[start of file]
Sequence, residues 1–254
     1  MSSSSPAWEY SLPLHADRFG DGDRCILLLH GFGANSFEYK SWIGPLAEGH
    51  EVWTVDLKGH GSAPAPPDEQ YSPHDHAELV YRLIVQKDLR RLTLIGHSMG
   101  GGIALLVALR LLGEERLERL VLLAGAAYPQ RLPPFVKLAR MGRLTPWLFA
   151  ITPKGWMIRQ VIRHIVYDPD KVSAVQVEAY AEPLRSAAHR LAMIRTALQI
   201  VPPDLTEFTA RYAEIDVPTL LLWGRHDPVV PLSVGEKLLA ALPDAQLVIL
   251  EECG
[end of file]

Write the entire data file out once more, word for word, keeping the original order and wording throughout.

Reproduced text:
Sequence, residues 1–254
     1  MSSSSPAWEY SLPLHADRFG DGDRCILLLH GFGANSFEYK SWIGPLAEGH
    51  EVWTVDLKGH GSAPAPPDEQ YSPHDHAELV YRLIVQKDLR RLTLIGHSMG
   101  GGIALLVALR LLGEERLERL VLLAGAAYPQ RLPPFVKLAR MGRLTPWLFA
   151  ITPKGWMIRQ VIRHIVYDPD KVSAVQVEAY AEPLRSAAHR LAMIRTALQI
   201  VPPDLTEFTA RYAEIDVPTL LLWGRHDPVV PLSVGEKLLA ALPDAQLVIL
   251  EECG